Posted October 12, 2016

Engineering takes brain hackathon prize

Competing with five other universities, Temple’s team of graduate students comes in first place.

A prototype being created in a lab.
Photography By: 
Betsy Manning
Brain Computer Interface Hackathon is a collaborative brainstorming marathon designed for teams to rapidly produce working prototypes.

A team of Temple graduate students took first place on their home turf at the Institute of Electrical and Electronics Engineers (IEEE) Brain Computer Interface Hackathon—a collaborative brainstorming marathon designed for teams to rapidly produce working prototypes. The team’s winning project was a car remotely controlled by brain and muscle movements tracked through sensors on the driver's body, linked to a computer program they wrote.

PhD students Andrew Powell, ENG ’13, ’15, and Christian Ward, joined by master’s degree students James Kollmer, ENG ’15, and Robert Irwin, ENG ’16, were best in a field of seven teams from five universities and took the $1,000 top prize at the Temple-hosted event. A team from Columbia University finished second and earned $500, while a team from the University of Pennsylvania finished third for $300. The event was judged by a field of experts, including Iyad Obeid, associate professor of electrical and computer engineering.

Powell was elated and attributed the victory to the team's preparation. “We knew that we had to come up with an idea before the event,” he said. “We knew we wanted a car, have it remote controlled, but we also wanted to integrate as much of our creative tools as possible.”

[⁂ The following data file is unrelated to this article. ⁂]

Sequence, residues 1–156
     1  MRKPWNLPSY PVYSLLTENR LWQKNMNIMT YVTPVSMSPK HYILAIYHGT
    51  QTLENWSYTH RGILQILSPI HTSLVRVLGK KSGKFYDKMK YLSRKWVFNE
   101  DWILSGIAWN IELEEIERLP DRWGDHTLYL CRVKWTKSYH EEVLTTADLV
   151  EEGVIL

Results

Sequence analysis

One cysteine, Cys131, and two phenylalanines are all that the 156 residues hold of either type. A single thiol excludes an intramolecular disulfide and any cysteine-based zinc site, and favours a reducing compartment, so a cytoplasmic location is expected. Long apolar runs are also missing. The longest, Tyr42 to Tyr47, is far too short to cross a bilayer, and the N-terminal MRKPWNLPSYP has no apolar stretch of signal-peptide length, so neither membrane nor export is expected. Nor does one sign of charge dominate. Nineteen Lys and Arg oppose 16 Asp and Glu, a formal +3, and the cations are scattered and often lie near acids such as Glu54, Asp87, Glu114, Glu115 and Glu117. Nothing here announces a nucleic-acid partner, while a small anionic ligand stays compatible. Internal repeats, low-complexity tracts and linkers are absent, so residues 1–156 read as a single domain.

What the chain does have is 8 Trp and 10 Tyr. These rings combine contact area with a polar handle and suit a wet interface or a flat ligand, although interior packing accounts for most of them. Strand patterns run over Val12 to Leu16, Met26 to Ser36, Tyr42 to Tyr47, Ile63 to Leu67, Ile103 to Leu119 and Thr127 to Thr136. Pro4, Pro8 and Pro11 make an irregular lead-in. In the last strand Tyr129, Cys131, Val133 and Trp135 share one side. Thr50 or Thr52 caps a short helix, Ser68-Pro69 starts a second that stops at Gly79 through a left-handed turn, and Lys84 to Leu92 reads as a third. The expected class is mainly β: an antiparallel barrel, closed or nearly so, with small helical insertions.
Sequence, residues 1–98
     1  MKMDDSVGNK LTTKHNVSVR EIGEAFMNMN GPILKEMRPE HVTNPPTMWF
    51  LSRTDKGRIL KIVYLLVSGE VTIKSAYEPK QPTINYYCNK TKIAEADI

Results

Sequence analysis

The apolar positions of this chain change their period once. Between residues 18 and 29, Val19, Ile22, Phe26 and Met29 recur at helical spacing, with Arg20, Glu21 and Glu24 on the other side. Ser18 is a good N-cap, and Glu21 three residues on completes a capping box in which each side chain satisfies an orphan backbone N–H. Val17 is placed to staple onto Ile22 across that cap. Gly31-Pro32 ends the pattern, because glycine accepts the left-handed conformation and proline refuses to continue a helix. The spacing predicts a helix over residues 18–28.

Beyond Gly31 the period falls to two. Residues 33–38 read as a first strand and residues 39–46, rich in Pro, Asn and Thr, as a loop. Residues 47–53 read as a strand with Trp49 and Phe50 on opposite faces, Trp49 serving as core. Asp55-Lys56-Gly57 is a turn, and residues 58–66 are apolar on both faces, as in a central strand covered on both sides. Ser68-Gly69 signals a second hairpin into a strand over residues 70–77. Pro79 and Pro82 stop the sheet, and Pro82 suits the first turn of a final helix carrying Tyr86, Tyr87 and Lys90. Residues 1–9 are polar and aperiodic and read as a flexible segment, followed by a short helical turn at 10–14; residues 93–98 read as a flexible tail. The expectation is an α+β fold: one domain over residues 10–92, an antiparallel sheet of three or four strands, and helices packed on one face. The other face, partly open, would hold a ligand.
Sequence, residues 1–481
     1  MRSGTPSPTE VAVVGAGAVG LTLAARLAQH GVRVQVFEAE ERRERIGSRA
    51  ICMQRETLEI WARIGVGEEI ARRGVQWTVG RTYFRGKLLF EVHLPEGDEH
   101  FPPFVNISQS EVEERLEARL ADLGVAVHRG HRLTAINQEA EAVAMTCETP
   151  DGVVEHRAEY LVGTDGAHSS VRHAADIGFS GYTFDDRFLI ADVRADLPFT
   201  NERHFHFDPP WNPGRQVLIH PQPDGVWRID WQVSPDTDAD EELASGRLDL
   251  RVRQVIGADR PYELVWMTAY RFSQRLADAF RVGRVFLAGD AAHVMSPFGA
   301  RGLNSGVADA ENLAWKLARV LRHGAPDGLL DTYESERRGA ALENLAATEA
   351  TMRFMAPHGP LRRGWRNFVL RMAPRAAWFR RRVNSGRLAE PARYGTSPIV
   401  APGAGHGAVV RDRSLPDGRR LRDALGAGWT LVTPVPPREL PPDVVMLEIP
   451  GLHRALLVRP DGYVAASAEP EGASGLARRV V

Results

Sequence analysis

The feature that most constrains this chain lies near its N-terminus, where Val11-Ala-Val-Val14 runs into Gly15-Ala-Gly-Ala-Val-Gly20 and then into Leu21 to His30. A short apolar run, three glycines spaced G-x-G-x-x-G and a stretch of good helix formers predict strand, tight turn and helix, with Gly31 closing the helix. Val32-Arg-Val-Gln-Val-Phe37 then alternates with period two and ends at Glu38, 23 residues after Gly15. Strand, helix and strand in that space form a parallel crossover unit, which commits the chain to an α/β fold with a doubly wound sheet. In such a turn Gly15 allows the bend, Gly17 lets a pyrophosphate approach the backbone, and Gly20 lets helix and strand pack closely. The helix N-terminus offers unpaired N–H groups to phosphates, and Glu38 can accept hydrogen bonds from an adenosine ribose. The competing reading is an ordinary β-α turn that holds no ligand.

Obeid said the event gave students a taste of the cross-disciplinary nature of electrical engineering. “I was happy that we got to expose students to the real challenges of making neural signals actionable, which can be very rewarding and very difficult,” he said. “And developing something in a very short time frame—that's a good experience.”

Last year the IEEE decided to become actively involved with the Obama Brain Initiative by lending their expertise to find solutions to assist neuroscientists in their pursuits. As part of the increasing cross-disciplinary endeavors in science, this allows engineers to design devices to collect data and unlock the mysteries of the brain.

Obeid said before the event, “There are tool sets electrical engineers have that neuroscientists don’t. They can build gizmos to scan the brain neuroscientists can’t.”

—Marco Cerino

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